Fashion Robberies on Paris’s Swankiest Streets Spawn Ridicule

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A policeman stands in front of the French luxury boutique Colette on March 22, 2014 in Paris. Two masked robbers wielding a gun and an axe burst into the Colette boutique in the heart of Paris earlier today, making off with 600,000 euros ($800,000) worth of goods from the trendy concept store, officials said. The pair held up the store on Saint-Honore street, near the Place de Vendome, shortly after it opened at 10:00 am and briefly detained the seven people who were inside as they scooped up merchandise, mostly expensive watches, before fleeing on a scooter. AFP PHOTO / ALAIN JOCARD        (Photo credit should read ALAIN JOCARD/AFP/Getty Images)
A policeman stands in front of the French luxury boutique Colette on March 22, 2014 in Paris. Two masked robbers wielding a gun and an axe burst into the Colette boutique in the heart of Paris earlier today, making off with 600,000 euros ($800,000) worth of goods from the trendy concept store, officials said. The pair held up the store on Saint-Honore street, near the Place de Vendome, shortly after it opened at 10:00 am and briefly detained the seven people who were inside as they scooped up merchandise, mostly expensive watches, before fleeing on a scooter. Photo: ALAIN JOCARD/AFP/Getty Images

Paris's Place Vendôme might be one of the most luxurious shopping districts in the world. It's home to the Hotel Ritz and studded with high-end boutiques: Chanel, Dior, Cartier. It has also been the site of three armed robberies in the past three weeks.

Most recently, the smash-and-grab thieves targeted Colette, the boutique that caters to the deep-pocketed hipster set with an expensive "water bar" and 985 clocks. The burglars made off with 600,000 worth of watches. Sounding vaguely self-promotional, owner Colette Roussaux told the New York Times, "They came for the opportunity and the beautiful watches here. And we don’t sell Swatches."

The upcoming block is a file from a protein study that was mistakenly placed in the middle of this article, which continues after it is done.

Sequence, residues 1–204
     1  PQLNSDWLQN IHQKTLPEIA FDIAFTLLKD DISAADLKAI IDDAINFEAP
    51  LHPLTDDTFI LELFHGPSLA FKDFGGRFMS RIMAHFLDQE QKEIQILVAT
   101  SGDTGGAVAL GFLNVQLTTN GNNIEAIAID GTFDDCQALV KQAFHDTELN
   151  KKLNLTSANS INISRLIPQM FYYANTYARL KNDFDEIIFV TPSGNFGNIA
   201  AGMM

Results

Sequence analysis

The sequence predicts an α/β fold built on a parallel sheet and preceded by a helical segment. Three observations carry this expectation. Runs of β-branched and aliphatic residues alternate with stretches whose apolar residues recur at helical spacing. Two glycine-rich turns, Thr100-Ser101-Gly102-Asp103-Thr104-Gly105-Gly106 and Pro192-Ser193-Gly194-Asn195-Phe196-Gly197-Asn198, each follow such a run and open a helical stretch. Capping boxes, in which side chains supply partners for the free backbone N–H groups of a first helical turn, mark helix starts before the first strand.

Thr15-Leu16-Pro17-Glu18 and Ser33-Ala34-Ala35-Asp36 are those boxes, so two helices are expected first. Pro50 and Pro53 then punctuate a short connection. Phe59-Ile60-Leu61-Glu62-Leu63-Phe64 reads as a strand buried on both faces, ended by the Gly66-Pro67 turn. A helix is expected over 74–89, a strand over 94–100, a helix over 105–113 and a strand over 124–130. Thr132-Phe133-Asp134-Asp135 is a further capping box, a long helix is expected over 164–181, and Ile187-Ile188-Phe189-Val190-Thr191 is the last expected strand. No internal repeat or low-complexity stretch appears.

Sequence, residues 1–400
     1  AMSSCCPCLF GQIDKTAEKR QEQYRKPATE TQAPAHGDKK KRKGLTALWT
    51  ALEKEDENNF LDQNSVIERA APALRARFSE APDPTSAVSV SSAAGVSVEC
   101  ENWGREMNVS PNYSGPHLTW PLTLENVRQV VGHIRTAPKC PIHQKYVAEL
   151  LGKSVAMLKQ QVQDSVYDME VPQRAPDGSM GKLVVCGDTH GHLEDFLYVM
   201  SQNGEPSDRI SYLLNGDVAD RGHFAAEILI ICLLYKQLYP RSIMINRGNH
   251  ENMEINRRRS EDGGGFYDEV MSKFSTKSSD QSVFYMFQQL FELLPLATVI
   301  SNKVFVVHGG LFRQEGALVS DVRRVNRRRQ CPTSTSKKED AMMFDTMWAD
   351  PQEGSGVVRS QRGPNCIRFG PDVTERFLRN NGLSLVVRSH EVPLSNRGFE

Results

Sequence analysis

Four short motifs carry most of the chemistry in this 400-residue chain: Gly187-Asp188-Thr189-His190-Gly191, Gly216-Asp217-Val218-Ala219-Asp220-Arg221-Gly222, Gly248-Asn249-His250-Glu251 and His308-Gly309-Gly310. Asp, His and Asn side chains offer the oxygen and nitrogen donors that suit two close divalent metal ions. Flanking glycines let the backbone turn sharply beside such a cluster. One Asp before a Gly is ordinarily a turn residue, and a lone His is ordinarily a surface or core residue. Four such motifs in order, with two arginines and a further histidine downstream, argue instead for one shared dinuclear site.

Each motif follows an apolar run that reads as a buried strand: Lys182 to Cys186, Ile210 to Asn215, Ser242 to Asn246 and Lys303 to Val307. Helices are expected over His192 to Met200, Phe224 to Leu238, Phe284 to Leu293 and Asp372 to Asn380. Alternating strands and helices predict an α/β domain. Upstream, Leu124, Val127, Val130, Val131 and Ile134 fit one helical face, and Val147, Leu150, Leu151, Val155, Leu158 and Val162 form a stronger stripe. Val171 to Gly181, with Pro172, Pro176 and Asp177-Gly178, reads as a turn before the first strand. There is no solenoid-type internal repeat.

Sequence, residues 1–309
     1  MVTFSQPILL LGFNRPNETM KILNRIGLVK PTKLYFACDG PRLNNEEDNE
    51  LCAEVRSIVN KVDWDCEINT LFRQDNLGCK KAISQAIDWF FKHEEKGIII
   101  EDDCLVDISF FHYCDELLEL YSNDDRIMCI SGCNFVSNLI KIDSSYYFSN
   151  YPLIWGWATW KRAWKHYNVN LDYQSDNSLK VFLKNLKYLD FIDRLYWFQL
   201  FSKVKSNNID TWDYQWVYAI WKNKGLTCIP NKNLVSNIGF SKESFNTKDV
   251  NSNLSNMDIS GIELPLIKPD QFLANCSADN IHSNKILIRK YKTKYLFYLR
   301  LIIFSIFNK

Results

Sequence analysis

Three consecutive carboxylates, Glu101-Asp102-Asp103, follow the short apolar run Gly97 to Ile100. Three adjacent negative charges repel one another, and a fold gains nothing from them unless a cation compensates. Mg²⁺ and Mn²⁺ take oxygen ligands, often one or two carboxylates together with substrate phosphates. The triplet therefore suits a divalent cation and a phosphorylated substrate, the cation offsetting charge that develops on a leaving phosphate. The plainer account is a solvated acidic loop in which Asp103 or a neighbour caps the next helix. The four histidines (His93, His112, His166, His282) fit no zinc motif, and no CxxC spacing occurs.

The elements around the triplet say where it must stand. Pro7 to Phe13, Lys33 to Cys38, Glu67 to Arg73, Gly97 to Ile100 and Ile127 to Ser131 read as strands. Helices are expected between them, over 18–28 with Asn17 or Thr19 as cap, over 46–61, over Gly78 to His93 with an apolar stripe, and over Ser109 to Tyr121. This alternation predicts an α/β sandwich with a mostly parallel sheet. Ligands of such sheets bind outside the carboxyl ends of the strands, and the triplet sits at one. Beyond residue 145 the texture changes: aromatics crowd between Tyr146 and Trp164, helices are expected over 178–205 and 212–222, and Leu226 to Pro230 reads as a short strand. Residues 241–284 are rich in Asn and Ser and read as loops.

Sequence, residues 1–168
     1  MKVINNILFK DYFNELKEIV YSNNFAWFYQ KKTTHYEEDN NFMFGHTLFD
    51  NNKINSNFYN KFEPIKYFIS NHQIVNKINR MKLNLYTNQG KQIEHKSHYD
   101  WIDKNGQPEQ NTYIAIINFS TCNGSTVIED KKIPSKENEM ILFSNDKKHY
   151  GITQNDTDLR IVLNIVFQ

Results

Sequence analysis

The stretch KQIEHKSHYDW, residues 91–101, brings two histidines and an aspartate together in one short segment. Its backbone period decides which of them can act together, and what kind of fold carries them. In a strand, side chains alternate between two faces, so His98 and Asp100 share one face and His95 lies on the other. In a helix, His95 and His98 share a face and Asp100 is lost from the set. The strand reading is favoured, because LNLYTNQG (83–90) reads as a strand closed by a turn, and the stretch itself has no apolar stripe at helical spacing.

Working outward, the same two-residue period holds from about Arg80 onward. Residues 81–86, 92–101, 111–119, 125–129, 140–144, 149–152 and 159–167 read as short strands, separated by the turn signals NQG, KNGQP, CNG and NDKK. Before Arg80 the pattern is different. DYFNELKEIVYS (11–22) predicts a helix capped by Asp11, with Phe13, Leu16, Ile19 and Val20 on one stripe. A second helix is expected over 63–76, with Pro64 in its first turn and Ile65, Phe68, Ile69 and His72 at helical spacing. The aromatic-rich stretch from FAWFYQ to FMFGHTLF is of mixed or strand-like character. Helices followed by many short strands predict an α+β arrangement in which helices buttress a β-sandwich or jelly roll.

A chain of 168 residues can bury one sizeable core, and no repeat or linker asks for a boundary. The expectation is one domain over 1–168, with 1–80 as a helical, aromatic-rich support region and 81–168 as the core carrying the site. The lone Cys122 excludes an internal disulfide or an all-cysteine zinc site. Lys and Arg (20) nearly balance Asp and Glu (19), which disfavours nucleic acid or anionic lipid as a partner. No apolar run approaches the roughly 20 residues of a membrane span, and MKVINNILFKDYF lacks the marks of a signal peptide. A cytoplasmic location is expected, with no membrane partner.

What's perhaps more surprising than the crime spree in a typically calm area is the way the French public has reacted. The crime has already been mocked on a TV show called Le Petit Journal, with a skit about the burglars deciding which designer gloves to wear. Enterprising students made T-shirts that read "I Robbed Colette." Why all the jeering? Perhaps it's because, in a country with 25.4 percent youth unemployment (by contrast, the United States' is 14.4 percent) and overall economic woes (freshly appointed Prime Minister Manuel Valls is tasked with cutting public spending), the average Joe, or Jean, doesn't have a lot of patience for the one percent. If anything, they might be on the side of the thieves.

Those "I Robbed Colette" tees? They sold 1,000 of them in two days at 25 a pop — about $34. At Colette, that will buy you, no joke, two stickers.